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fragments of a complicated jig-saw and dislike of them. That many of our puzzle. So, at the risk of repeating people distrust and dislike the Japafacts with some of which you are doubt- nese, there can be no gainsaying. Yet the less already familiar, I shall endeavor average American usually finds some to piece the puzzle together, so that difficulty in giving a definite and coyou may see the picture in its entirety gent reason for his attitude toward the and judge of its merits and faults for Japanese. yourself.

Underlying all the misunderstand

ings between the two nations is raceII

prejudice. Our racial antipathy for the Some truths, more half-truths, many Japanese is instinctive. It has its untruths have been said and written in source in the white race's attitude of areach country about the other. The rogant superiority toward all non-white clear waters of our old-time friendship peoples. We inherited it, along with have been roiled by prejudice and our Caucasian blood, from our Aryan propaganda. Much of our appalling ancestors. It is as old as the breed. ignorance of Japanese character, aims, The Japanese do not realize that they and ideals is traceable to our national are meeting in this an old problem;

' propensity for generalization — always that the American attitude is not an an inexact and dangerous method of attempt to place a stigma of inferiority estimating another people, and doubly on them, but merely the application to dangerous in the case of a people as them of the Caucasian's historic atticomplex as the Japanese. Let us not tude toward all peoples with tinted forget that we were accustomed to skins. If the Japanese question this, let think of the French as a volatile, ex- them observe the attitude of the Engcitable, easy-going, pleasure-obsessed, lish toward the brown-skinned peoples decadent people until the Marne and of Egypt and India. But this racial Verdun taught us the truth. Such a prejudice is by no means one-sided. The misconception was deplorable in the Japanese consider themselves as supericase of a people from whom we had or to us as we consider ourselves superior nothing to fear; it is inexcusable, and to them. Make no mistake about that. might well prove disastrous, in the case The Japanese are by no means free of the Japanese. I have heard Amer- from that racial dislike for Occidentals icans who pride themselves on being which lies near to the hearts of all Orienwell-informed, men whose opinions are tals; but they have the good sense, good listened to with respect, betray an igno- manners, and tact to repress it. That is rance of Japan and the Japanese which where they differ from Americans. would be ludicrous under other condi- Another reason for American dislike tions.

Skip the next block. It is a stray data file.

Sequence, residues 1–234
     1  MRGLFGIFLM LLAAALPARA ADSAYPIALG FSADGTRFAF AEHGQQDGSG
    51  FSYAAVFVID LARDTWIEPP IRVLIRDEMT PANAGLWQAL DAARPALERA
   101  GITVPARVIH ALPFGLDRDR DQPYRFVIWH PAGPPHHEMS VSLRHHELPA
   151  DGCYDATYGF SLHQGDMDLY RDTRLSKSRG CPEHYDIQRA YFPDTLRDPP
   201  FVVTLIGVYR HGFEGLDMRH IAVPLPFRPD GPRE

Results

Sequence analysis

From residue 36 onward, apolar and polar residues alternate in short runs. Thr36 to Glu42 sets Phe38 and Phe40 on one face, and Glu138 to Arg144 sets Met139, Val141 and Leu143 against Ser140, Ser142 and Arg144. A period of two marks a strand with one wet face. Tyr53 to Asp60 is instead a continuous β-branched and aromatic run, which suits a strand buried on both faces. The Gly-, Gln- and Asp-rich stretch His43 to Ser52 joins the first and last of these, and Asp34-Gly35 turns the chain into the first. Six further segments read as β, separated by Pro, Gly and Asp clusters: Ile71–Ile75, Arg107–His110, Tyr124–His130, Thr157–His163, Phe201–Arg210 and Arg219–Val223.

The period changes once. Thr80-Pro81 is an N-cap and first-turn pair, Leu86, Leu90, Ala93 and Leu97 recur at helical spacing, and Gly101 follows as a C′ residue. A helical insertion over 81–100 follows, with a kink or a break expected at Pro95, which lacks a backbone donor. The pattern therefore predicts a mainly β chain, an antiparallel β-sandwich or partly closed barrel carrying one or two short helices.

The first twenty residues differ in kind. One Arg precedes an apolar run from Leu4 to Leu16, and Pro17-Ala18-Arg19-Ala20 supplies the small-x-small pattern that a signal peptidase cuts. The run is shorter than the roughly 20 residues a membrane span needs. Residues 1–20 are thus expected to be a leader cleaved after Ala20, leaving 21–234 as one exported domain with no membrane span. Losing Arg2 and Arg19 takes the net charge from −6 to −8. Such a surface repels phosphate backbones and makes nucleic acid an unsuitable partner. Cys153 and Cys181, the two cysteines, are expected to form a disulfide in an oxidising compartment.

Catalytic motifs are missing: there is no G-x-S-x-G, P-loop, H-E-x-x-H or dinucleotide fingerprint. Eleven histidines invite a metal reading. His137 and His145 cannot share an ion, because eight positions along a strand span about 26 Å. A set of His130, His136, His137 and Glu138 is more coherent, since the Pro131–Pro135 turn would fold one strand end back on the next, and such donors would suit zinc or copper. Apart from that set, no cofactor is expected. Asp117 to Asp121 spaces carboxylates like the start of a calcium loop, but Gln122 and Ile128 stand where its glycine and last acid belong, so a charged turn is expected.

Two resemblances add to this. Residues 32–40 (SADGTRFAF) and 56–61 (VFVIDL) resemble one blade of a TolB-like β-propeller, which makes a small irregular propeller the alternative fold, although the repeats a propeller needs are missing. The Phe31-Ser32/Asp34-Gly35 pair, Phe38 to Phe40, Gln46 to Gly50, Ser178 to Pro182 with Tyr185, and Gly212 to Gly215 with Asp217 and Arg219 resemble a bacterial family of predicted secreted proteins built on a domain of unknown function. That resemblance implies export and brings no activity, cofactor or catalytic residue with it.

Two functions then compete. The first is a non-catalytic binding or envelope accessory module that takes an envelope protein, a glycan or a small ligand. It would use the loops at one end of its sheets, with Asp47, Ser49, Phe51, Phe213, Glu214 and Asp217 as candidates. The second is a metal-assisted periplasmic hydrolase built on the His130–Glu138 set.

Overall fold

of the Japanese is the latter's assertion And the ignorance of many intelli- of equality. We don't call it that, of gent Japanese in regard to ourselves is course. We call it conceit- cockiness. no less disheartening. Their way of The reason that we get along with anthinking is not our way of thinking; other yellow race, the Chinese, is bemany of their institutions and ideas

cause they, by their abject abasement and ideals are diametrically different and submissiveness, flatter our sense of from ours. Believe it or not, as you racial superiority. Our pride thus cachoose - the great majority of intelli- tered to, we give them a condescending gent Japanese are utterly unable to pat of approval, just as we would give understand our thinly veiled distrust a negro who always ‘knows his place,'